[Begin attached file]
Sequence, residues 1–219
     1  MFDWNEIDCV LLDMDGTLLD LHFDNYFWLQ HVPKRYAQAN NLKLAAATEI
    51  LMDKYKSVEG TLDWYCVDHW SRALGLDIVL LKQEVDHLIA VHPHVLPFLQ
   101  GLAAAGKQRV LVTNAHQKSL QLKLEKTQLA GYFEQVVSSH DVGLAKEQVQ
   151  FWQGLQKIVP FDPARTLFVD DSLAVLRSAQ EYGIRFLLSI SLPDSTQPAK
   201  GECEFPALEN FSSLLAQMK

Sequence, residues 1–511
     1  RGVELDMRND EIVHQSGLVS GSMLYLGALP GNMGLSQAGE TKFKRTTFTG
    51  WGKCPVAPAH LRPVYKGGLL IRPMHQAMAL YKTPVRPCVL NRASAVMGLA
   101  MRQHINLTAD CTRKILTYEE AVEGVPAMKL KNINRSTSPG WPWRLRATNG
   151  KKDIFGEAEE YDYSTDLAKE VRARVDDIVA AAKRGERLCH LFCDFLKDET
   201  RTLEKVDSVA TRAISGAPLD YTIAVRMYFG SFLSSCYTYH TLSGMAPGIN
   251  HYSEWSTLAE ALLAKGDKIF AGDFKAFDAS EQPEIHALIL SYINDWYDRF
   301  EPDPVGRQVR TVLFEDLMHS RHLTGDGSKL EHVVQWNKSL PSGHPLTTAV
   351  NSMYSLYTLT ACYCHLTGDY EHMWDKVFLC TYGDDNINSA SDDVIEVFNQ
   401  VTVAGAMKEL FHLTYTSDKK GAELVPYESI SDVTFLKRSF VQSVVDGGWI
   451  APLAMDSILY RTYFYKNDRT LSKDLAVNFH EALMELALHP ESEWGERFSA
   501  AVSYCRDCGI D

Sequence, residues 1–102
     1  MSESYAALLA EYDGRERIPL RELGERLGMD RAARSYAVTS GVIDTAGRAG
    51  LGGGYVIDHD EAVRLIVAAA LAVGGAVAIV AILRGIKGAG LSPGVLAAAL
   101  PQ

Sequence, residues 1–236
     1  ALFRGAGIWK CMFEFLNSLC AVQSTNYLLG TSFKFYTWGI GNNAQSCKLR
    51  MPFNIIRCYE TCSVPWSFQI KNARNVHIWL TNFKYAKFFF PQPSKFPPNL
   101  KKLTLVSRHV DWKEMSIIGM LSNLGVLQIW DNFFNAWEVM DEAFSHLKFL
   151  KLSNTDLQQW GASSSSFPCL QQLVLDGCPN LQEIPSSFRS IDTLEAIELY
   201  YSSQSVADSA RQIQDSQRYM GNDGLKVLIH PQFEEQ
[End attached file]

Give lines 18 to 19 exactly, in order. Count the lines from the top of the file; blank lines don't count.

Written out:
   501  AVSYCRDCGI D

Sequence, residues 1–102